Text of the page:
Monday, April 25, 2016

The Dark, Rainy Streets of "Phantom Lady"

An example of Siodmak's lighting.
If you've read this blog recently, you know we've been on a film noir kick since the start of the new year. We started by revisiting The Blue Dahlia and then moving on to This Gun For Hire and Black Angel. Our latest noir is Robert Siodmak's 1944 "B" mystery Phantom Lady, which--like Black Angel--features an amateur female sleuth.

The film opens with civil engineer Scott Henderson (Alan Curtis) meeting a mysterious, distraught woman (Fay Helm) at an empty bar on a hot Saturday night in New York City. Scott, who has been stood up by his wife, asks the dark-haired stranger if she wants to see a musical revue with him. She initially refuses, but then reluctantly agrees on one condition: They exchange no names, no addresses, and never meet again. Scott agrees.

Later that night, Scott goes home to find the police at his apartment. His wife has been strangled with one of his ties ("A knot so tight it had to be cut with a knife," says one of the detectives). Scott's alibi falls apart when he can't identify his mysterious date. Even worse, the bartender, a taxi driver, and a drummer at the theatre all act as if they had never seen him.

Scott is arrested, convicted, and sentenced to die. It's up to his office co-worker Carol (Ella Raines) to find the real murderer. It's obvious to everyone--except Scott--that Carol is mad about the civil engineer.

Franchot Tone, Thomas Gomez, and Ella Raines in a telling scene.
This premise is similar to the later--and better--Black Angel, in which a man's wife must prove his innocence while he awaits his fate on death row. Black Angel provides more complexity and more nuance. The only element separating Phantom Lady from a dozen other mysteries is that the key witness--the mysterious woman from the bar--appears to have vanished without a trace. Well, there is another distinguishing trait: the killer, played by the biggest star in the picture--doesn't show up until the film is half over.

A passer-by (far right) likely saves Ella's life at the train platform.
Yet, if Phantom Lady lacks a creative spark plotwise, it benefits mightily from Robert Siodmak's moody direction and Ella Raine's determined detective. Siodmak creates some knockout visuals once Carol takes to roaming the city's darkened streets to find the killer. The scene in which she follows the suspicious bartender is a tour-de-force as the two move through rainy streets, a shadow-filled train platform, and partially lit arches. It as good as the famous sequence in Cat People (1942) in which Jane Randolph is followed by something after leaving the swimming pool.

I'm curious as to whether the decision to have the murderer wring his hands compulsively was the screenwriter's or Siodmak's. Regardless, it provides the director with the opportunity to provide some disconcerting close-ups of the hands of the strangler.

As for Phantom Lady's star, Ella Raines makes Carol so likable that it's easy to see why Inspector Burgess decides to help her. (Sure, he makes up an excuse for doing so, but I think it's clear that he admires Carol.) She also gets to display her first-rate acting chops when slipping in a disguise as a trampy lady who takes a liking to a manic drummer (and key witness) played by Elisha Cook, Jr.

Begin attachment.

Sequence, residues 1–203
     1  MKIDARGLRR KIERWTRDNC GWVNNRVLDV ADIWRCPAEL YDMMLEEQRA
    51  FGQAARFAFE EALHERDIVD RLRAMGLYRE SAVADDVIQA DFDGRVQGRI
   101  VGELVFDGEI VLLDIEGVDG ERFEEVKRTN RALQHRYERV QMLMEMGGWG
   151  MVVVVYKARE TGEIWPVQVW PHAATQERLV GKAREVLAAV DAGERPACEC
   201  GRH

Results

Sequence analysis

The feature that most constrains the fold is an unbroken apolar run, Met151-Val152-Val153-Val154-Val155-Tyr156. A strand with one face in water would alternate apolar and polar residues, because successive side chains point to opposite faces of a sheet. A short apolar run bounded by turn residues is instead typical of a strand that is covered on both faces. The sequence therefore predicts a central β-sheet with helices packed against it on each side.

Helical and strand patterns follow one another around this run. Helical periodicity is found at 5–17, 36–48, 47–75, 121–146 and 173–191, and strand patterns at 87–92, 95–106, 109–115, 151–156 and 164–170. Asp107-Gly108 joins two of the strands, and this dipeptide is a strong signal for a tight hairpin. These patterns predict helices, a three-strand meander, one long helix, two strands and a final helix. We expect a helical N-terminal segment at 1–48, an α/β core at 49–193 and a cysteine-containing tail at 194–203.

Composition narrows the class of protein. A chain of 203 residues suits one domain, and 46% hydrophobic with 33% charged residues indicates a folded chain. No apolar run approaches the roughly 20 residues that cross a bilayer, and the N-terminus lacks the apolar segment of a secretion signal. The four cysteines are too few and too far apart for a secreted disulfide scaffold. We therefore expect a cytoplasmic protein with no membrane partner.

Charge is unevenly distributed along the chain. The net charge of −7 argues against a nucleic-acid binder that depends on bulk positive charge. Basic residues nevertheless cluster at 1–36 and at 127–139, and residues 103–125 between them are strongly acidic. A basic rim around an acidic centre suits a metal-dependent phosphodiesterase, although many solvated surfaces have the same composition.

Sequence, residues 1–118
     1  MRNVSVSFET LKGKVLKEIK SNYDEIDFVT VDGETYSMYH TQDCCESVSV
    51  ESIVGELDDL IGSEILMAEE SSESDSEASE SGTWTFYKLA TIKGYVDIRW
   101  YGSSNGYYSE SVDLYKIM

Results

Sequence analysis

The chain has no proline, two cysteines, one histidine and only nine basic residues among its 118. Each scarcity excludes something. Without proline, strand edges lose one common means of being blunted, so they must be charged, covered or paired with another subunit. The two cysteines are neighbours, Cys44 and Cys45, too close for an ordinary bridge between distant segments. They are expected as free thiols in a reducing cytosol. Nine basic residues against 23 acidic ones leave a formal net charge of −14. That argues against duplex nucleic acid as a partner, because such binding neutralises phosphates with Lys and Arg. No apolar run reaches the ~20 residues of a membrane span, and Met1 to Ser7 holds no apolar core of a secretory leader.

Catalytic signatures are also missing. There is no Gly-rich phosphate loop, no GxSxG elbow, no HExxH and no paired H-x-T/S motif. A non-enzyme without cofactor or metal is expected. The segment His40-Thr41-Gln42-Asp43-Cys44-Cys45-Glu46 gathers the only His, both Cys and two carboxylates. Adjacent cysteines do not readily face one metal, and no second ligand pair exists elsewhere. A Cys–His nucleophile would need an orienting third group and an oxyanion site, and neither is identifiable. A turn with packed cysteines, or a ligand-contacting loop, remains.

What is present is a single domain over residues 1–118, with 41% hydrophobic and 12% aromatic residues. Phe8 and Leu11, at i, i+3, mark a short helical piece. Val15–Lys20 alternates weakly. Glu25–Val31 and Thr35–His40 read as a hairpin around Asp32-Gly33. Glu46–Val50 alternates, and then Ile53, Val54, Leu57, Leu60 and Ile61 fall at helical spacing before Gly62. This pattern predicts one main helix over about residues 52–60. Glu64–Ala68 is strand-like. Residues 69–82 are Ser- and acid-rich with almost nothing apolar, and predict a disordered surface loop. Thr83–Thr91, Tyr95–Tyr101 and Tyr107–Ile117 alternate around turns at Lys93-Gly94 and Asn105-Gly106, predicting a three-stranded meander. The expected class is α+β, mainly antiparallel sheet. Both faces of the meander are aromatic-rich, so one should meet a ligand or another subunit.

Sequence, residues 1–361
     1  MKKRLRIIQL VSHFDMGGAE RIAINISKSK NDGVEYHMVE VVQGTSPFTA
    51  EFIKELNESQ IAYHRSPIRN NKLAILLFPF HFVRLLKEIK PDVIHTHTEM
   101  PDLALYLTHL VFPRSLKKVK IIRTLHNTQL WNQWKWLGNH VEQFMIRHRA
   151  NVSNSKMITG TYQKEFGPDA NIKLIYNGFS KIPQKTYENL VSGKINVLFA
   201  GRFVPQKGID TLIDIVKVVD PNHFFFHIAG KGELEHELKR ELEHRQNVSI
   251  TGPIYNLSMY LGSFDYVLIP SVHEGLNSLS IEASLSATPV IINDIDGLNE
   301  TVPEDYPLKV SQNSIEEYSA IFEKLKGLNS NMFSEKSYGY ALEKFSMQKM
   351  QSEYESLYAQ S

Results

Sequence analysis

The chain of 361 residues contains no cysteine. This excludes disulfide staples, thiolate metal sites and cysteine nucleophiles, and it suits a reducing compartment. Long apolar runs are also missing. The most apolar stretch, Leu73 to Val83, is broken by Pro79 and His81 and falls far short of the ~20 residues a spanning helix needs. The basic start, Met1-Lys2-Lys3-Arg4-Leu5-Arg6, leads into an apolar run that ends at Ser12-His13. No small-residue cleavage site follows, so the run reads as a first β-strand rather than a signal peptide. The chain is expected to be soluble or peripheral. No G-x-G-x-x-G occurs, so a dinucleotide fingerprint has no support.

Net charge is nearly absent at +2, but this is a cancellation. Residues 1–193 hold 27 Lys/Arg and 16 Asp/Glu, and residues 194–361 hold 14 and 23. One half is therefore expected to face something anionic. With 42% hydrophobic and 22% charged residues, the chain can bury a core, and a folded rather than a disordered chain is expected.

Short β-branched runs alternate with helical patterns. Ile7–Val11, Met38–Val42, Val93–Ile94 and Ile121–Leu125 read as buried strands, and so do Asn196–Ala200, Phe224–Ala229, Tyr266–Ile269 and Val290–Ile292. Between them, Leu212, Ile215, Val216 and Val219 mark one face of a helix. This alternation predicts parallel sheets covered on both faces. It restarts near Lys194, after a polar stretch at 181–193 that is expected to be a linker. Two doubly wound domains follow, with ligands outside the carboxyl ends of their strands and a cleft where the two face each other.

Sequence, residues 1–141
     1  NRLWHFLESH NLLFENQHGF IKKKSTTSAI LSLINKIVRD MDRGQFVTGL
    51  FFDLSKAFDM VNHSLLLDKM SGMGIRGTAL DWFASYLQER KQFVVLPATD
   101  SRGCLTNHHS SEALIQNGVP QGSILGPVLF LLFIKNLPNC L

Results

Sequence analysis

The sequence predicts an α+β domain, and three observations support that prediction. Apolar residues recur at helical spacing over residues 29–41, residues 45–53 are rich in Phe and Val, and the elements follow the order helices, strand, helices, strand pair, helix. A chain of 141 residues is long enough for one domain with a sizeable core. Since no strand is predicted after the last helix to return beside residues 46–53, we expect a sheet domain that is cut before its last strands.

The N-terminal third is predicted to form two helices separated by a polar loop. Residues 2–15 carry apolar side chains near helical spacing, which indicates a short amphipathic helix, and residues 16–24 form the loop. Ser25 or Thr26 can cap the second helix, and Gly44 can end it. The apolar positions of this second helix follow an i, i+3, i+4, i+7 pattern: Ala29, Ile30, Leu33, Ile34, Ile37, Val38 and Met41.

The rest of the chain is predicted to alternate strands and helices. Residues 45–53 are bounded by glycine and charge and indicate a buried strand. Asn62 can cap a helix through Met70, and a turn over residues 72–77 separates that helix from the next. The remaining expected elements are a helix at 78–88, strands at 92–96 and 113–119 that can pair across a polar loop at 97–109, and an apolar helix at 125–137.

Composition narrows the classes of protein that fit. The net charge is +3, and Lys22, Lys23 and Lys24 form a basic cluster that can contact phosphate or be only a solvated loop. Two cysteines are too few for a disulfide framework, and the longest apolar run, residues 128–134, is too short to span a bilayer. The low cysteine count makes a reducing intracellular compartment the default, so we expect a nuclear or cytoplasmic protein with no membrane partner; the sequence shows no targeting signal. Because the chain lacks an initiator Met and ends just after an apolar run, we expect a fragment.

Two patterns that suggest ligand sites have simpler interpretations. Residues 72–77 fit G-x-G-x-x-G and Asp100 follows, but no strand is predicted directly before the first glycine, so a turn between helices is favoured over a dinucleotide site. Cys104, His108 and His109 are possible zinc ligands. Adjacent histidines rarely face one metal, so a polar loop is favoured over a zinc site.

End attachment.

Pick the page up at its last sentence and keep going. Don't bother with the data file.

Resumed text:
Raines had a solid, if unspectacular, acting career. She starred in a handful of "A" pictures opposite leading such men as John Wayne (Tall in the Saddle), Randolph Scott (Corvette K-225), and Eddie Bracken (Hail the Conquering Hero). She later headlined the 1954-55 TV series Janet Dean, Registered Nurse.

Ella Raines also reteamed with director Robert Siodmak in another film noir, The Suspect (1944), which starred Charles Laughton. A year later, Siodmak would make The Spiral Staircase, one of my favorite mysteries, and follow it with his noir masterpiece The Killers (1944). I suspect we will reviewing that one in the near future, too.

8 comments:

  1. Love this one for all the reasons you mention, but also agree BLACK ANGEL is better -- that one should be far better known. Duryea breaks my heart every time.

    Best wishes,
    Laura

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  2. Sometimes you enjoy the mood of a picture more than the nuts and bolts of the plot, and that's alright. My only problem with "Phantom Lady" is that I am too old for someone to call me a Hep-Kitten. Sigh.

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  3. Was recently ntroduced to Black Angel and loved it. Looking forward to seeing Phantom Lady ASAP. The two have something in common as both were based on stories by the gifted Cornell Woolrich (he wrote Phantom Lady under the name William Irish).

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    1. Woolrich also wrote the story that served as the basis for the excellent Val Lewton-produced thriller LEOPARD MAN.

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  4. what a pleasure to read your commentary ...
    siodmak is my all time favorite director bar none ....

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  5. It has all the Siodmak touches, a compelling film despite its flaws. Love Ella Raines' stalking of the bartender.

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  6. Siodmak was a master at creating dark moody scenes. Raines' is perfect and Cook's drumming scene added a frenzy of eroticism to it all.

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  7. Rick, you did a great job capturing the noir look in the photos you shared for this "Phantom Lady." The premise is fascinating and the atmosphere undeniable.

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